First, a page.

“... the hope of Israel” was the expectation of the coming of Messiah to set up the millennial kingdom, but Paul’s burning desire was to show them from the Scriptures that the Jesus they had crucified was the Messiah, His sin-atoning death having been foretold by the prophets as being necessary before He could come again in resurrection glory to inaugurate the kingdom.  But clearly Israel’s day of grace was almost ended.  God foreknew that they would refuse to believe that the Lord Jesus Christ was their Messiah, and the result was that the nation was soon to be cut off, the Gentiles now being offered even better blessings than those which Israel foolishly rejected.

28:21.  “And they said unto him, We neither received letters out of Judaea concerning thee, neither any of the brethren that came shewed or spake any harm of thee.”

28:22.  “But we desire to hear of thee what thou thinkest: for as concerning this sect, we know that every where it is spoken against.”

The reference to “the Way” as being simply another Jewish sect continues to emphasize what we have already discussed: until AD 70 there was one divinely appointed order for Jewish believers, and another for their Gentile brethren.  Its being spoken against demonstrates the enmity that must always exist between the flesh and the Spirit, between faith and unbelief.  The world’s favor can be bought only with our disobedience of God.

28:23.  “And when they had appointed him a day, there came many to him into his lodging; to whom he expounded and testified the kingdom of God, persuading them concerning Jesus, both out of the law of Moses, and out of the prophets, from morning till evening.”

That day, though the Jews knew it not, was one fraught with eternal consequences, for clearly it marked the end of God’s patience with that generation of Israel.  The gospel they had heard and rejected, first from the Lord Himself and then from His disciples for almost thirty-eight years after His crucifixion and resurrection, was being preached to them for the last time, and  by none other than the Apostle Paul himself.   What  bitter remorse must haunt those who left his house that day refusing to believe!  Today, too late, they now believe, as do all with them in hell awaiting the judgment of the great white throne, from which they will be cast into the eternal torment of the lake of fire by the Christ Who had given His life to save them from that very fate.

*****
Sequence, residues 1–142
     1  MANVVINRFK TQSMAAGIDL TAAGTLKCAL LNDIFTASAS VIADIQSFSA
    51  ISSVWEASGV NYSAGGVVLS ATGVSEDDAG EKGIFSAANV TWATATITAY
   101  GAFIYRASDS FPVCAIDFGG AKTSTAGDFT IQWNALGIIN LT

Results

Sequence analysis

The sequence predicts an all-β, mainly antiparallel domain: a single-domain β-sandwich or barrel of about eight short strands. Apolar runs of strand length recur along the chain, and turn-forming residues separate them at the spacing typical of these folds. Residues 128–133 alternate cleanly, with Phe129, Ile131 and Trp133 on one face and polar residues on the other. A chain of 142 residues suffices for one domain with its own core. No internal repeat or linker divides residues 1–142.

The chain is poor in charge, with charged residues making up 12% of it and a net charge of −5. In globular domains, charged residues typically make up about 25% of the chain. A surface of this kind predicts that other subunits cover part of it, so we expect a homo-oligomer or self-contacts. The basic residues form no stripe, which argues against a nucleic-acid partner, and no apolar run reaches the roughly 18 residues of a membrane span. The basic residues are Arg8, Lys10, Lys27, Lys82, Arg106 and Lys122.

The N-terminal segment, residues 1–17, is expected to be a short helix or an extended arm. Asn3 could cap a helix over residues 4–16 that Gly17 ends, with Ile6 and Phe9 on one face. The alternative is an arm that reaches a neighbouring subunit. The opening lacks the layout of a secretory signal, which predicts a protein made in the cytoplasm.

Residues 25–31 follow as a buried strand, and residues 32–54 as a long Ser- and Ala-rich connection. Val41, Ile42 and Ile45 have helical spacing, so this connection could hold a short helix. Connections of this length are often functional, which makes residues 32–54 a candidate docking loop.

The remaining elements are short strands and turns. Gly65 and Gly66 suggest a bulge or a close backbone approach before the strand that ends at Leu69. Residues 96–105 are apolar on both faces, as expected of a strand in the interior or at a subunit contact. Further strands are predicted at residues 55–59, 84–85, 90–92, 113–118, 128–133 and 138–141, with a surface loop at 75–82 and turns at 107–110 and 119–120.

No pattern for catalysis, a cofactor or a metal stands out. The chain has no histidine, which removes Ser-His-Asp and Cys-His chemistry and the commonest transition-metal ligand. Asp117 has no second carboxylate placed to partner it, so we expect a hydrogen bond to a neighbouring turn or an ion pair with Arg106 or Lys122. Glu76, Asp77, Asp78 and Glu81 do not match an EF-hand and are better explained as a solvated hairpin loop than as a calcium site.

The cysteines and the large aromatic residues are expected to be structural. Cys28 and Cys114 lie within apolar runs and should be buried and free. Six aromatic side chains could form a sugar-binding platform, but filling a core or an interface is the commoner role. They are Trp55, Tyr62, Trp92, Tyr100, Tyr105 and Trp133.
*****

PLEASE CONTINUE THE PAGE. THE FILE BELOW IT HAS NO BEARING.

Paul’s having sought to persuade them “from morning till evening,” reminds us of the centuries during which God had sought to persuade that rebellious nation, but in vain.  And now as they left Paul’s house at evening, that same God Whose patience they had finally exhausted, was about to bring upon them a long dark night of spiritual darkness which has lasted for two thousand years.  But as it is written, “Weeping may endure for a night, but joy cometh in the morning,” Ps 30:5.  The foretold day of Israel’s ultimate blessing is already beginning to dawn.  The first faint light of her glorious new day can be perceived by the eye of faith, which reads in that dim but brightening dawn light the evidence of the fulfillment of the Church’s hope: the coming of the Lord to the air to rapture her home to heaven, that rapture to be followed by the seven-year Tribulation era which will bring a remnant of Israel to repentance and deliverance by His return in power and glory to bring her into the enjoyment of those millennial blessings forfeited by the unbelief of that earlier generation.